57. H. Niwa, J.-I. Miyazaki, and A. G. Smith, “Quantitative expression of Oct-3/4 defines differentiation, dedifferentiation or self-renewal of ES cells,” Nature Genetics, vol. 24, no. 4, pp. 372–376, 2000. View at Publisher · View at Google Scholar · View at Scopus
  58. S. Masui, Y. Nakatake, Y. Toyooka et al., “Pluripotency governed by Sox2 via regulation of Oct3/4 expression in mouse embryonic stem cells,” Nature Cell Biology, vol. 9, no. 6, pp. 625–635, 2007. View at Publisher · View at Google Scholar · View at Scopus
  59. K. Takahashi and S. Yamanaka, “Induction of pluripotent stem cells from mouse embryonic and adult fibroblast cultures by defined factors,” Cell, vol. 126, no. 4, pp. 663–676, 2006. View at Publisher · View at Google Scholar · View at Scopus
  60. A. Marson, S. S. Levine, M. F. Cole et al., “Connecting microRNA genes to the core transcriptional regulatory circuitry of embryonic stem cells,” Cell, vol. 134, no. 3, pp. 521–533, 2008. View at Publisher · View at Google Scholar · View at Scopus
  61. I. Chambers, J. Silva, D. Colby et al., “Nanog safeguards pluripotency and mediates germline development,” Nature, vol. 450, no. 7173, pp. 1230–1234, 2007. View at Publisher · View at Google Scholar · View at Scopus
  62. S. Kregel, K. J. Kiriluk, A. M. Rosen et al., “Sox2 is an androgen receptor-repressed gene that promotes castration-resistant prostate cancer,” PLoS ONE, vol. 8, no. 1, Article ID e53701, 2013. View at Publisher · View at Google Scholar · View at Scopus
  63. S. Kregel, R. Z. Szmulewitz, and D. J. V. Griend, “The pluripotency factor Nanog is directly upregulated by the androgen receptor in prostate cancer cells,” The Prostate, vol. 74, pp. 1530–1543, 2014. View at Publisher · View at Google Scholar · View at Scopus
  64. C. R. Jeter, M. Badeaux, G. Choy et al., “Functional evidence that the self-renewal gene NANOG regulates human tumor development,” STEM CELLS, vol. 27, no. 5, pp. 993–1005, 2009. View at Publisher · View at Google Scholar · View at Scopus
  65. C. R. Jeter, B. Liu, X. Liu et al., “NANOG promotes cancer stem cell characteristics and prostate cancer resistance to androgen deprivation,” Oncogene, vol. 30, no. 36, pp. 3833–3845, 2011. View at Publisher · View at Google Scholar · View at Scopus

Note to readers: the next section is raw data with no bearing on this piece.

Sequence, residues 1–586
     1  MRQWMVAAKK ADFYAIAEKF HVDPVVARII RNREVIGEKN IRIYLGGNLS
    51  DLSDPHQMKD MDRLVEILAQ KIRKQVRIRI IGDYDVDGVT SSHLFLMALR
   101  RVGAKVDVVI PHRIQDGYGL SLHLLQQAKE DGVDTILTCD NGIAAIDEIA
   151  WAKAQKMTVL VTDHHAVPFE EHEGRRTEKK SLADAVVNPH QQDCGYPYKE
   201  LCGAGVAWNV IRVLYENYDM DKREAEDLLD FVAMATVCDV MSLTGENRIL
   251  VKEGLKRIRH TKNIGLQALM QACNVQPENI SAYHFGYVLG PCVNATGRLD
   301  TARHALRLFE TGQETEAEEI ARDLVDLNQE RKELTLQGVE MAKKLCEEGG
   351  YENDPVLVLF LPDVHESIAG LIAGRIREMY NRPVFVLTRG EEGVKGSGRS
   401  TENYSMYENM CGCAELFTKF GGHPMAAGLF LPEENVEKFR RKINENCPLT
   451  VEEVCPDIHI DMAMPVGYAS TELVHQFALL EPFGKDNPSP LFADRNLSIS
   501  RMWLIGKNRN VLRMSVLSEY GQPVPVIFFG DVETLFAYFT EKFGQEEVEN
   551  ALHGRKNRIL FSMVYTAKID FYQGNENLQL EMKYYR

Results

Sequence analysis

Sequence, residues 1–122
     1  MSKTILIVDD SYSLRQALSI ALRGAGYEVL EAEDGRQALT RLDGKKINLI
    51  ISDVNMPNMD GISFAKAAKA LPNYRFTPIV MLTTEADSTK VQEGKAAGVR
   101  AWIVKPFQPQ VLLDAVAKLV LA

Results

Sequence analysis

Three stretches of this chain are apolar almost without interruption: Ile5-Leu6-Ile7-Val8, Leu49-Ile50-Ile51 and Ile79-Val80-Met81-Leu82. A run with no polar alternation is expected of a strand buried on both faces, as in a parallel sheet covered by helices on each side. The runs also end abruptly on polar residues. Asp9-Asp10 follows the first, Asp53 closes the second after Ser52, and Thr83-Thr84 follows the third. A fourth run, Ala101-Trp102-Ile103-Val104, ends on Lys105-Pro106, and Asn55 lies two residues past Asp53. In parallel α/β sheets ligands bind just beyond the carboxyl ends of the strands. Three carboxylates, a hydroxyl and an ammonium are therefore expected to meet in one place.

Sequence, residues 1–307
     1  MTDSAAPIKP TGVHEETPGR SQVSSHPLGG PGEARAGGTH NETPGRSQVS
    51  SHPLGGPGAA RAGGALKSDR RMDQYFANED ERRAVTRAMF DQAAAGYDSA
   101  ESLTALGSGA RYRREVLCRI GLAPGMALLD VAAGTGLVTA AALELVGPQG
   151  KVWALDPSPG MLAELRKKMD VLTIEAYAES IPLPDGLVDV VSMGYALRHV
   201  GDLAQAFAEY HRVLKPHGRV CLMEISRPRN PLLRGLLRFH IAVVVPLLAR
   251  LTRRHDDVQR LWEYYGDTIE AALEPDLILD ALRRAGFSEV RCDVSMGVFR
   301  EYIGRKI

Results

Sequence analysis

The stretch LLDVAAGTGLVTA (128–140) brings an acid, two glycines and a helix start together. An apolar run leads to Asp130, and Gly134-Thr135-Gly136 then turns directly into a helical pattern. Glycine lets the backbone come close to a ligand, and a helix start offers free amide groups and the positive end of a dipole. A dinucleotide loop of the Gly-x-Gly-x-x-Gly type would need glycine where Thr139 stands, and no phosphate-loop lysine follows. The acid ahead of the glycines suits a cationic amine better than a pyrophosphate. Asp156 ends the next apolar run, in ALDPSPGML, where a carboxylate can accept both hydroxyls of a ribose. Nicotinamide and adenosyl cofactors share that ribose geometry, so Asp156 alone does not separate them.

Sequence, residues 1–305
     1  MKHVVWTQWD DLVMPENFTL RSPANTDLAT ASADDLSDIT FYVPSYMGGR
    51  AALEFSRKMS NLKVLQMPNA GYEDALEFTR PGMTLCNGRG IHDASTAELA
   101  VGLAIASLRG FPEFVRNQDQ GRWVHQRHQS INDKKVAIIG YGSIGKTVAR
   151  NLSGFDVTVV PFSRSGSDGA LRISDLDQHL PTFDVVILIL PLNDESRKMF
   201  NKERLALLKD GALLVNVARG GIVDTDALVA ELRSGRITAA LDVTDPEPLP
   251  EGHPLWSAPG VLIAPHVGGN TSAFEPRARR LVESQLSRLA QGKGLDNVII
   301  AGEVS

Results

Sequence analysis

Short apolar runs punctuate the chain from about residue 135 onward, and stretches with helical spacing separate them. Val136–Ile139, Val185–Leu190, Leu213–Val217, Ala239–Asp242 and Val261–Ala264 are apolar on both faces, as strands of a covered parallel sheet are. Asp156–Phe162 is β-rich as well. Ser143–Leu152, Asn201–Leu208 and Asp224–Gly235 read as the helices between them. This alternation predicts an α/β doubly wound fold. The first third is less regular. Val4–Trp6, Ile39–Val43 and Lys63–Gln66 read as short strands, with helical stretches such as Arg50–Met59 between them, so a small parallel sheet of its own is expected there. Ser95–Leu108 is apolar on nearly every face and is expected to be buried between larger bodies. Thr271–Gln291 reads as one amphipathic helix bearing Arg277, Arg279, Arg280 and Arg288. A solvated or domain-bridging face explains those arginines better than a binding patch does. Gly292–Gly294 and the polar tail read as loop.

66. P. Sotomayor, A. Godoy, G. J. Smith, and W. J. Huss, “Oct4A is expressed by a subpopulation of prostate neuroendocrine cells,” The Prostate, vol. 69, no. 4, pp. 401–410, 2009. View at Publisher · View at Google Scholar · View at Scopus
  67. N. Monsef, M. Soller, M. Isaksson, P. A. Abrahamsson, and I. Panagopoulos, “The expression of pluripotency marker oct 3/4 in prostate cancer and benign prostate hyperplasia,” Prostate, vol. 69, no. 9, pp. 909–916, 2009. View at Publisher · View at Google Scholar · View at Scopus
  68. H. Bonkhoff, “Neuroendocrine cells in benign and malignant prostate tissue: morphogenesis, proliferation, and androgen receptor status,” The Prostate, Supplement, vol. 8, pp. 18–22, 1998. View at Google Scholar · View at Scopus
  69. H. Sun, R. Lesche, D.-M. Li et al., “PTEN modulates cell cycle progression and cell survival by regulating phosphatidylinositol 3,4,5,-trisphosphate and Akt/protein kinase B signaling pathway,” Proceedings of the National Academy of Sciences of the United States of America, vol. 96, no. 11, pp. 6199–6204, 1999. View at Publisher · View at Google Scholar · View at Scopus
  70. J. Zhang, J. C. Grindley, T. Yin et al., “PTEN maintains haematopoietic stem cells and acts in lineage choice and leukaemia prevention,” Nature, vol. 441, no. 7092, pp. 518–522, 2006. View at Publisher · View at Google Scholar · View at Scopus